Gretchen Peters live at The lyric theatre, Belfast. Sunday, 9th September, 2018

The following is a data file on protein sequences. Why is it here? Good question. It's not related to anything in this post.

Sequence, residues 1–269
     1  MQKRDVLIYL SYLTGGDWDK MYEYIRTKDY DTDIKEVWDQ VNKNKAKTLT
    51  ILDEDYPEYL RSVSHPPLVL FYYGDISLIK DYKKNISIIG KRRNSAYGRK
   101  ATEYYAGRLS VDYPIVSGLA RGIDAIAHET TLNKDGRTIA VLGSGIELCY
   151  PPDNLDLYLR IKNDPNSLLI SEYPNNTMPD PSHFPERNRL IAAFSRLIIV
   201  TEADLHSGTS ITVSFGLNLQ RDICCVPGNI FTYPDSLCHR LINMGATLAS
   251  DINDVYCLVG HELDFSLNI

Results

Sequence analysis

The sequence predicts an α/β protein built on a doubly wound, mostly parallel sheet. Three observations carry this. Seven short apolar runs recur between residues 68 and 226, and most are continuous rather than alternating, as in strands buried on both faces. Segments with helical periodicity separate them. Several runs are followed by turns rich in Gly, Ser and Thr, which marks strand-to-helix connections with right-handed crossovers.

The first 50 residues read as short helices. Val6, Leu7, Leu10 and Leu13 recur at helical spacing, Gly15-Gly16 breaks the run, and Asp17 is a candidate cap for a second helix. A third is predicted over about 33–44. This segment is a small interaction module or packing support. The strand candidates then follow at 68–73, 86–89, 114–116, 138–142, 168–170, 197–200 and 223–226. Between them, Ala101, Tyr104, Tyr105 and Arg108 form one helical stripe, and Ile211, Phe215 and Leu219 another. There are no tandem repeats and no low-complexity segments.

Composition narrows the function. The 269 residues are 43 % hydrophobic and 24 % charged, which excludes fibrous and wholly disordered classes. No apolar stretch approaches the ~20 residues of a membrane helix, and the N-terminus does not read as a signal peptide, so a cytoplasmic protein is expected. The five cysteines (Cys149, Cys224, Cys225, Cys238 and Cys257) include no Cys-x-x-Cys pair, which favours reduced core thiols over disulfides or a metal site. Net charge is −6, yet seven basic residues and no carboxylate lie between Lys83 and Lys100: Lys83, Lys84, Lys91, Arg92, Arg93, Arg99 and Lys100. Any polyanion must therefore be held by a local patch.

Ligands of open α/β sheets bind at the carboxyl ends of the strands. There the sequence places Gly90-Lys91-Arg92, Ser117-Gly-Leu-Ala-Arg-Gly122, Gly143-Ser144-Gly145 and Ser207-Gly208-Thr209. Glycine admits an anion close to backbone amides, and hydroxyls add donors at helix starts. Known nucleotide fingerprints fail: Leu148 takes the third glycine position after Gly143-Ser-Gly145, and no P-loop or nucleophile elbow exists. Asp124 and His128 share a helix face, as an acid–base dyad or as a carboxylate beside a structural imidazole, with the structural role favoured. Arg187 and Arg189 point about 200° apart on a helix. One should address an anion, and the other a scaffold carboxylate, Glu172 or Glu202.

"Lit by a single spotlight, Gretchen Peters picks a soft refrain as she sings the haunting ‘Arguing With Ghosts’. The song examines the ageing process and one’s own sense of mortality. It sets the scene for a night of impeccably played music, challenging ideas, and a little hope in these troubled times.Gretchen Peters began her musical career writing hits for Patty Loveless, Bryan Adams, and Neil Diamond among others. Producing a number of fine country albums in her own name, her music over the course of the last few albums has seen her move from catchy love songs to more heady matters.Belfast’s Lyric Theatre stage is dressed with the set for ‘Good Vibrations’, a play based on the life of local legend Terri Hooley. Initially the set of a run down city centre with shut shops and graffitied walls is a distraction but strangely, as songs emerge of troubled minds and a land divided by suspicion and racism, the backdrop actually makes sense in a way.I get lost in my hometown since they tore the drive-in down.Arguing With GhostsShe tells us that she began to write the songs on the album on the night of the American election. But rather than angry songs of “Dump Trump”, these are much more considered pieces. She tells of the schisms and distrust that have continued to develop in her country since that night:I come straight home from work and fix my supper. Don’t burn one with my neighbour anymore. Ever since he put that sticker on his bumper, I just turn out the lights and lock the doors.LowlandsThe songs demand attention, as tales of young girls avenging their abused sister, depression, and unrequited love flow from the stage. Peters lets the songs speak for themselves before addressing the audience. She tells us the past few months she has been singing these songs about women, and it has been like touring with “a bunch of sisters”. Her band of three males look a bit sheepish at this point, but their time will come.‘Blackbirds’ gets a call out for Ben Glover as co-writer. Ben has in fact become Gretchen’s partner in a number of compositions, including the gloriously brooding ‘Dancing With The Beast’ and ‘Truckstop Angel’.Barry Walsh is Gretchen’s longtime musical and life partner. He helps move things along apace with little fills of keyboard and atmospheric stints on accordion, which helps give ‘The Matador’ its eerie feel.Two other local men of note are rhythm section Conor McCreanor, and Colm McClean, who dazzles with several superb solos, never detracting from the vocal and the lyric, always inventive and fluid.The pace changes up in volume and speed with an ode to veterans coming back to a world that has moved on without them in ‘When All You Got Is A Hammer’, and the wondrous ‘Woman On The Wall’, where the female protagonist asks us to confront our own failures and fears while watching her own death defying feats:They say I’ve got a death wish, yeah, but I don’t think that’s true. As far as I can see, it’s less about me and more about you. You see it ain’t your fears so much as what your fears reveal. I’m just the woman on the wheel.The majority of the set is comprised from her last three albums. The one major concession to her delightful back catalogue is the haunting ‘Bus To St. Cloud’.The encore is rememberable for two different reasons. The first is a spirited rendition of Rodney Crowell tune, ‘Ain’t Living Long Like This’, which sees Walsh kick his stool backwards, and fly at the keyboard with gusto, which is met by equalling shining solos from the Fender of Colm McClean. This is pure musical theatre at its best, with Little Richard present in spirit in the shape of Barry Walsh.The second reason is very special. Gretchen Peters makes her way to the edge of the stage and delivers a spine-tingling solo version of ‘Love That Makes A Cup Of Tea’. In the hands of someone less adept, such a tittle could be a hackneyed, over-sentimental country and western song.In Gretchen’s voice, it is a thing of pure beauty, leaving the audience with some balm, comfort and hope, in a world full of obstacles. Her voice is soft and you wish she could have sang more songs like this. But which songs would you have given up to make way?Real love does not build walls our make mighty noises about its power. Real love can do huge things and right wrongs. But love that lasts does the little things that help us all get to the next day with hope.But there is love that makes a cup of tea, love that loves both who you are and who you want to be, love that waits for you when you fall behind. That’s the kind of love I hope you find.A perfect message to send us home feeling better about all around us after a truly special night of music.